Some media outlets question the safety of the supplement, asserting potential cramping, dehydration, liver and kidney damage as well as potential drug interactions, but Aragon states, “Creatine has shown an amazingly consistent safety profile even after dosing people with a [high] loading dose for months and months.” The 2007 ISSN position stand agrees, asserting that there is no scientific evidence of creatine supplementation leading to adverse affects in otherwise healthy individuals. Gastrointestinal issues can be mitigated by lower doses and taking longer to reach saturation.

Still, take note of that “otherwise healthy individuals” part. Also, I’d be remiss if I didn’t mention potential contaminants.

“The biggest risk of contamination comes from blended supplements that include creatine rather than pure creatine,” says Paul Klinger, executive director for Informed Choice, a supplement testing body that looks for contaminants banned by the World Anti-Doping Agency. Klinger says that prohormones such as androstenedione and DHEA, as well as stimulants such as DMAA, can end up in creatine-containing supplements via cross-contamination due to poor manufacturing practices. “It’s probably not enough contamination to enhance performance,” Klinger told me, “but it can cause an athlete to fail a drug test.”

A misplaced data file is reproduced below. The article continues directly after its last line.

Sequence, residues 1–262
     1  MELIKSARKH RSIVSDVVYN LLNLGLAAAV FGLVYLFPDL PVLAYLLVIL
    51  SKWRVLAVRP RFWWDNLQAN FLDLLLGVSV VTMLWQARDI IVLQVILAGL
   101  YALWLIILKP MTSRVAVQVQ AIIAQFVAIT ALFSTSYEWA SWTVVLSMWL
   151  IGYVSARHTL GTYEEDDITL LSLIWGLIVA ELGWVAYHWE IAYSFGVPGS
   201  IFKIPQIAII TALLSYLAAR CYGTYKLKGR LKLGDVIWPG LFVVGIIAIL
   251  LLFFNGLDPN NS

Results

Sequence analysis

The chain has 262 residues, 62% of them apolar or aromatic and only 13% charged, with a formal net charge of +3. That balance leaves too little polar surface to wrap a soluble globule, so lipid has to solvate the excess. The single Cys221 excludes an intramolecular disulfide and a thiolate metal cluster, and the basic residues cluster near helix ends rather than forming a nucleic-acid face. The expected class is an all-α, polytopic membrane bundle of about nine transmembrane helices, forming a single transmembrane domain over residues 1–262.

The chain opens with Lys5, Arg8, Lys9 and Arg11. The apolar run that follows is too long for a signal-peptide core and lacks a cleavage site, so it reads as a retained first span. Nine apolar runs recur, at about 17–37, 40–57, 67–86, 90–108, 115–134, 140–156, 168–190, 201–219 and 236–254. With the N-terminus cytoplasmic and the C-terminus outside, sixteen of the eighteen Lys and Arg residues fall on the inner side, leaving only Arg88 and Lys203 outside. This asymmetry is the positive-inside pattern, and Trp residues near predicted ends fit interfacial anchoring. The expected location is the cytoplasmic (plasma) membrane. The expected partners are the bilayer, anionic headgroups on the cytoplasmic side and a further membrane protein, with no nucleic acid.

More disturbing is that both a 2003 study published in the European Journal of Sport Science and a 2006 study published in the Scandinavian Journal of Medicine & Science in Sports reported finding high levels of the anabolic steroid metandienone in some creatine blends.

I loathe fear mongering. Just don’t buy supplements off the street from some guy with a face tattoo and pierced eyelids. Aragon recommends looking for the “Creapure” label to ensure an uncontaminated source. You can also see if the manufacturer is registered with Informed Choice, which checks for 147 banned substances.

For those looking to bulk up, get stronger, or improve their short-burst performance, creatine can safely get the job done if you’re careful about supply. As for me, I hit the iron hard, but still don’t take it.

It’s a Zen thing; I don’t dig supplements. I’ve been dedicated to fitness going on two decades, and seen supplement-scarfing friends wax and wane in their motivation while I always stayed on track. Part of me believes it’s from never putting any responsibility for my results in the hands of a supplement manufacturer. Besides, my wife says I’m big enough already. (Don’t read anything into that.)

That’s just me though. Alan Aragon doesn’t take it because his wife says it makes his face puffy. I Googled and found message boards rife with complaints of facial esthetics taking a hit from supplementing with creatine.

Now I’ve got another reason not to take it. I wouldn’t want that hint of a chin dimple to disappear.